I recently got John Nunn's new book 1001 Deadly Checkmates. It's a collection of (you guessed it) 1001 positions from actual play (mostly in the last few years) where the player on move can checkmate by force in a few moves. It is a great book, which I think will be useful to a wide range of players, say from 1400 to 2400. I'm 2200 OTB and can solve most of the problems pretty quickly (197 out of the first 200), but still find them useful for honing my tactical skills. They should be even more useful for lower-rated players, who will find a lot of mating ideas that are new to them. Chess is largely a matter of pattern recognition, so exercises like these are useful to everyone. It's reasonably priced, too - only $15.75 at Amazon.com.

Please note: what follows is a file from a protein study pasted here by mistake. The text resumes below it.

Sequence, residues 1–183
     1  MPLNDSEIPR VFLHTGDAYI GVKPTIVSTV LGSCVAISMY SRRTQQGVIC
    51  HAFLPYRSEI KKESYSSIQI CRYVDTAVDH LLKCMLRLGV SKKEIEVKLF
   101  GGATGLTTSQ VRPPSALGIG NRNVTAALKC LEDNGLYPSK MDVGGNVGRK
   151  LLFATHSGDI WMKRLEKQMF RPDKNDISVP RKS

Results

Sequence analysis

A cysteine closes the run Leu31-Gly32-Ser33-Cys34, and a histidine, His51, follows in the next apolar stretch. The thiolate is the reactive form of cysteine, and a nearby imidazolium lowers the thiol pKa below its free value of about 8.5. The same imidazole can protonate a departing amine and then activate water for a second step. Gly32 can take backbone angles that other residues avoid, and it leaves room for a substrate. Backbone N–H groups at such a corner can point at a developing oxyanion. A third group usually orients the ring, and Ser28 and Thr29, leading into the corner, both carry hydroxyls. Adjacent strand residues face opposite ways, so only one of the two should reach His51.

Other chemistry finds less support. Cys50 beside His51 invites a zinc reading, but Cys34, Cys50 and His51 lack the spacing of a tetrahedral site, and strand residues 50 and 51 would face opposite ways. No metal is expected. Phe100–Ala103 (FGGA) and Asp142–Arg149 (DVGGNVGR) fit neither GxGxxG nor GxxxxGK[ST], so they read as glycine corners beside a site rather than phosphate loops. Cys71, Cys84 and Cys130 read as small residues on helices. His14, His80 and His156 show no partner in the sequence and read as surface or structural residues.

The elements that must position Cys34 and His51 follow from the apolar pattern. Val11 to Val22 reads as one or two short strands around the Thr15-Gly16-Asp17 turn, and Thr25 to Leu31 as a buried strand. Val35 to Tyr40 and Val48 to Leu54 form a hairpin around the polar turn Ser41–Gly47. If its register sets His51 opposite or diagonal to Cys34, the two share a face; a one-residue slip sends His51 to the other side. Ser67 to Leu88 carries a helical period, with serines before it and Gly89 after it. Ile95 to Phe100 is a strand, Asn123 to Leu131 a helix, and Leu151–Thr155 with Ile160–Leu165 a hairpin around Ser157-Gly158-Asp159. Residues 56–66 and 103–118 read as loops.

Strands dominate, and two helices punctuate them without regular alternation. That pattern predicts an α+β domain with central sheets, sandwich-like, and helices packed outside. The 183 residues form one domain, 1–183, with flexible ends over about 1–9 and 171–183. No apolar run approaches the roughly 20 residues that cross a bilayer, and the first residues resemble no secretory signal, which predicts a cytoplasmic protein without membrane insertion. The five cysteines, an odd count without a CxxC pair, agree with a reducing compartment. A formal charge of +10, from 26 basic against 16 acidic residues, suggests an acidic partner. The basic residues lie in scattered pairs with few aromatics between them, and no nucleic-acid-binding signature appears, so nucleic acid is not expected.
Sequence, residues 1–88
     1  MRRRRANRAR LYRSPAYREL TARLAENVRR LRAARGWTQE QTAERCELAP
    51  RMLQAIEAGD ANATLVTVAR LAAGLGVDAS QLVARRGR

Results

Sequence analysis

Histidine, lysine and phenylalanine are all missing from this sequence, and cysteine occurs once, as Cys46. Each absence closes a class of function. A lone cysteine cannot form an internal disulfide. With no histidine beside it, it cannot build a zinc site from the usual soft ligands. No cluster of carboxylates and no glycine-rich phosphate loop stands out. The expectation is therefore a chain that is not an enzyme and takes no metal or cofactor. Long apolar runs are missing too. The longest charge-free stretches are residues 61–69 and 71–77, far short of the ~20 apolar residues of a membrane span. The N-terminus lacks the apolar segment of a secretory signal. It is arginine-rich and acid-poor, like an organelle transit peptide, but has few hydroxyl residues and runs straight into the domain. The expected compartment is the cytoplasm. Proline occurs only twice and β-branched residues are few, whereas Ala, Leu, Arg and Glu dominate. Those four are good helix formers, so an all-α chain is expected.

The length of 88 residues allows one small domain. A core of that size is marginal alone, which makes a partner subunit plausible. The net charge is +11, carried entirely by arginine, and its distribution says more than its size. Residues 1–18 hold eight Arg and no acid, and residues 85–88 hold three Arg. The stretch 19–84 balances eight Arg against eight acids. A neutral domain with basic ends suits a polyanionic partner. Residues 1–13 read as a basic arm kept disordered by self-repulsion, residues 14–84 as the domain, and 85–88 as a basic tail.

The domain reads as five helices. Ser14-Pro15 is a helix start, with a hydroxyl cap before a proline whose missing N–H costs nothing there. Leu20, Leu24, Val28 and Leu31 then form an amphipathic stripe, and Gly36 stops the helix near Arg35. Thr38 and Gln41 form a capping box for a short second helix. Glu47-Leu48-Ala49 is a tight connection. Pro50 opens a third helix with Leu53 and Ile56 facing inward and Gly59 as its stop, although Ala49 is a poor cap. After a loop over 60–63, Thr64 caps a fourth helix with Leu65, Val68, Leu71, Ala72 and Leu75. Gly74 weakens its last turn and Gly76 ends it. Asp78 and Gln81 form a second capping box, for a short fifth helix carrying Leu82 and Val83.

Here is a position, from Kotrotsos-Stiri, Iraklion 2005 (No. 640 in Nunn's book) that surprised me. I solved it quickly enough, but might not have if I hadn't known that there was a mate to be found. White, on move, must force mate.